function p such that for all x E [51, b] Inn—poi < 8 These two theorems provide the basis for polynomial approximations of general continuous functions. Some points to consider in polynomial approximations: (1) For any a, there exists a polynomial of degree n such that [f(x)— p(x) < 8 for
every x E[a, b]. (2) As 8 decreases 1": increases.
The Weierstrass theorems assure us that we can, in theory, achieve any level of accuracy. There is a reasonably general method of developing a polynomial approximation
for a function of a single variable for which we can compute the error. This method
known as the Taylor's Series Method (named after the English mathematician Brook
Taylor (1685—1731)) requires that the function be approximated be of class C "H1 (has at least m +1 continuous derivatives). The Taylor's series polynomial approximation of
degree m of f , call this function pm, about some point 1?: is given as f(x) = Fulﬁl?) + 90656), (1) where pm(x;5c) and the error term, e(x;5c), are given by m (i) " __ A 1‘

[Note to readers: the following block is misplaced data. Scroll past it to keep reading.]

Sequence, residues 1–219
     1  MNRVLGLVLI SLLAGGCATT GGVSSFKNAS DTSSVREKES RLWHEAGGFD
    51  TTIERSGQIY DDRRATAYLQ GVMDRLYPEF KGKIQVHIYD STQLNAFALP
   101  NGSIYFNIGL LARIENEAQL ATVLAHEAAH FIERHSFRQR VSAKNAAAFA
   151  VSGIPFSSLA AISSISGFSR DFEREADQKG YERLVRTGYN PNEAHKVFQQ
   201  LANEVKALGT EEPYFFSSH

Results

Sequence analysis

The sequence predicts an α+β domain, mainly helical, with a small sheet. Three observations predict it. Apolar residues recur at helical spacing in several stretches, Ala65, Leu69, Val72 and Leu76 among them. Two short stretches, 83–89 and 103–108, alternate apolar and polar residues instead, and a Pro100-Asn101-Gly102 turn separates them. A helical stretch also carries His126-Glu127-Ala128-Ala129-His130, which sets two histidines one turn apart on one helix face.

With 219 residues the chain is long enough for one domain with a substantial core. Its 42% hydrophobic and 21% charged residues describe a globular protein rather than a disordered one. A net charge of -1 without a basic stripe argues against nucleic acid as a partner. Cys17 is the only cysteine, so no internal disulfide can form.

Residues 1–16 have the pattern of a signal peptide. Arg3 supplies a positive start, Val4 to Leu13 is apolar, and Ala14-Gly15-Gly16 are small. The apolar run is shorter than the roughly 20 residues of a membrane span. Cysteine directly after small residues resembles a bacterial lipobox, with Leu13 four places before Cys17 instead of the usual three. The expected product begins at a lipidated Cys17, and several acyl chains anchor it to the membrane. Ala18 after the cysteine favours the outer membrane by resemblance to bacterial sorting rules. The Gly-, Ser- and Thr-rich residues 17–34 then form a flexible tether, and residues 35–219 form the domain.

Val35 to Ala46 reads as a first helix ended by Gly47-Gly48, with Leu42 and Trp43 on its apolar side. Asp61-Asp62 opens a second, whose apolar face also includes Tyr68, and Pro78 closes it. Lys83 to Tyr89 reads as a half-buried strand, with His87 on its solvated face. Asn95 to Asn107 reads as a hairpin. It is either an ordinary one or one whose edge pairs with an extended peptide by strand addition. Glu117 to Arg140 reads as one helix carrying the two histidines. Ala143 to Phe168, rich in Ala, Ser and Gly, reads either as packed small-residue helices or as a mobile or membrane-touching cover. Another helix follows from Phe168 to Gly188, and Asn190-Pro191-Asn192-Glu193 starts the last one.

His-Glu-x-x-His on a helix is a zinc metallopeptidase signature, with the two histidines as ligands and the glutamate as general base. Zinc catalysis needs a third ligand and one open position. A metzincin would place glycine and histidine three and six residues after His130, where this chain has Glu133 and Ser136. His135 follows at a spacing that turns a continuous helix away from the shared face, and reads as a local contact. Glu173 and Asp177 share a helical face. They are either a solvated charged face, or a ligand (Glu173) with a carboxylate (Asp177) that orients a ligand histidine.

pm(xi'£)=f()3) +ZW, f{m+l)(6£. + _ 6)x)(x _ gyml ( I), ,withOSBSl.
m+ . e(x;£) 2 Note that the error term is of order m +1. Example I. To illustrate a Taylor's series approximation, consider approximating 92"
over the interval [0, 1]. We note that f""(x) = 2‘3“. We must choose some point, 5:, preferably in the interval at which to base the
approximation. For illustration, we use a? = 0.5, and equation (I) speciﬁcally becomes an ZieZU f2)(x _ 1 pm(x;] = 9200} + Z 'l
i=l 1' Then the first, second and third order approximations are: p,(x;1/2)= e‘ +2e‘(x 4,12)1 5 0 + 5.4366x, [2206;1/2): el +2310: —1/2)1+ 226‘(x—1/2)2/2
g 0 + 5.4366x + 5.4366(x —t/2)2, and p3(x;1/2) = 91+ 291(x — 1/2)E +f212r31(x—1/2)2 l2 +23el(x—1/2)3/6
g 0 + 5.4366x + 5.4366(x —1/2)2 + 3.6244(x1/2)3. These three approximating functions are piotted against the actual function in Figure 1.
Changing the approximation base point from 1/2 to the left—end point of the interval, 0,
results in the approximations displayed in Figure 2. The approximations of the first ﬁgure are closer since the error is a function of the distance from the base point and the maximum distance from the base point of the second ﬁgure is twice that of the first. *3 x Example 2. As another example, expand f (x) = 6 about x = 0: no) =e’3‘°’ 2 1; 1%): .3340) :4; = +98u3(0) : : _27e3(0) = 9 2 27 3 ’" (—3x)’r